• Do you like to overcome the barriers in research or your experiments? Sometimes in industry, projects don’t work and they get terminated.
    • Do you like seeing projects from start to finish? In industry, each person does their part and hands the project to someone else.
    • Do you like conducting your work under strict rules and regulations? Because of the strict guidelines from the government, industries have to follow protocols for their products/drugs.

    Other information:

    • Once you get into the research side of industry, there are many opportunities to move up the ladder and/or laterally into different business aspects of the company.

     

    Want to learn more? Check out the additional resources.

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    8
  • The Who, What, Where of Careers: Biological Safety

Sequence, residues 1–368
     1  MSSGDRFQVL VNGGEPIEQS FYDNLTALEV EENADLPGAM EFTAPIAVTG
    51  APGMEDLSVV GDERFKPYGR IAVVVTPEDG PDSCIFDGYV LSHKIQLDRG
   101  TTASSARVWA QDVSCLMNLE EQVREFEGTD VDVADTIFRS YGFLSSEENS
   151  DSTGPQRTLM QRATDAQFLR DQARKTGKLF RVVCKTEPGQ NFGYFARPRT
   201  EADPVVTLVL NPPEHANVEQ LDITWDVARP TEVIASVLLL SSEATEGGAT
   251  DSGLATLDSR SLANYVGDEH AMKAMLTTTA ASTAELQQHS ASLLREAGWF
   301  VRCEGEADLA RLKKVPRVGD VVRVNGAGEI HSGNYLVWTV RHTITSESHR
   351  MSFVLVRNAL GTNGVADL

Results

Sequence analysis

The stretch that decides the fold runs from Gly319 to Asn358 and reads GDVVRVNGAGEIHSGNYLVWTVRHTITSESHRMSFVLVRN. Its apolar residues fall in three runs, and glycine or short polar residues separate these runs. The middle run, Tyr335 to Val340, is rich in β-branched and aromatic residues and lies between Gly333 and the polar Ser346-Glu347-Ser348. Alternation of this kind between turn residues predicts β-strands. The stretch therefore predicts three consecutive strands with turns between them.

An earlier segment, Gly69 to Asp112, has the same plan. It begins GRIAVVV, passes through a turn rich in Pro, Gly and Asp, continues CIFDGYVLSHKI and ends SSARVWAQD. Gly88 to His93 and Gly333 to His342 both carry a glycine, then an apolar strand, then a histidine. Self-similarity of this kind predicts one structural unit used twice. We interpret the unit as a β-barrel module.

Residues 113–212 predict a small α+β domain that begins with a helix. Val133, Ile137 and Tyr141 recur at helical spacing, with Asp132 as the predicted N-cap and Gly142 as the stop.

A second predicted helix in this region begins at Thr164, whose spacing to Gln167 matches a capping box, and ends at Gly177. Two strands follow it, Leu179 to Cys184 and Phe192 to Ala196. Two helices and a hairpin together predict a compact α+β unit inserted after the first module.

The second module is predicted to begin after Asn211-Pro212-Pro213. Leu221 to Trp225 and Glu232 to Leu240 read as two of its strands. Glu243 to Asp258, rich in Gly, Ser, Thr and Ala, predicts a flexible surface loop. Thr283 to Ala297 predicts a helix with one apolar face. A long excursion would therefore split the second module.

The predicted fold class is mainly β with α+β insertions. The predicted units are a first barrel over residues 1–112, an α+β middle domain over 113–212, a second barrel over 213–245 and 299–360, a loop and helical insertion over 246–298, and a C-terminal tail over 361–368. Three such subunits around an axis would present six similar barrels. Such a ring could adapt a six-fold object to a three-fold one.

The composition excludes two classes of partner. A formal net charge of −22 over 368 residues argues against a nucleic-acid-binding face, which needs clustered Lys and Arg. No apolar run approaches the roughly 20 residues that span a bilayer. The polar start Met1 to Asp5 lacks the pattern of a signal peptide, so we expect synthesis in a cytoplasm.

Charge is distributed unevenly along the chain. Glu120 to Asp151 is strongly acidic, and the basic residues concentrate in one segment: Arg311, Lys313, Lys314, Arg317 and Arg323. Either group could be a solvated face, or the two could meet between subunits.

What does this person do?

    • Implements a successful Biological Safety Management Program - this is a framework comprised of organizational structure, policies, practices, and biosafety guidance instituted and supported by management that provides procedures and accountability for preventing occupationally-acquired infections or release of harmful organisms to the environment
    • Promotes and enforces evidence-based safe laboratory practices, procedures, and proper use of containment equipment and facilities in order to (a) prevent injury, infection, and death of employees and the public, (b) prevent environmental contamination, and (c) comply with Federal, State, and Local regulations and guidelines
    • Emphasizes that safety is a shared responsibility (shared accountability) among the institution and its workers by promoting a “culture of safety” within the organization and encouraging responsible activities among laboratory workers
    • Builds relationships with leadership to ensure commitment to safety and an atmosphere of trust
    • Works directly with appropriate personnel to provide advice on laboratory design

    Where does this person work?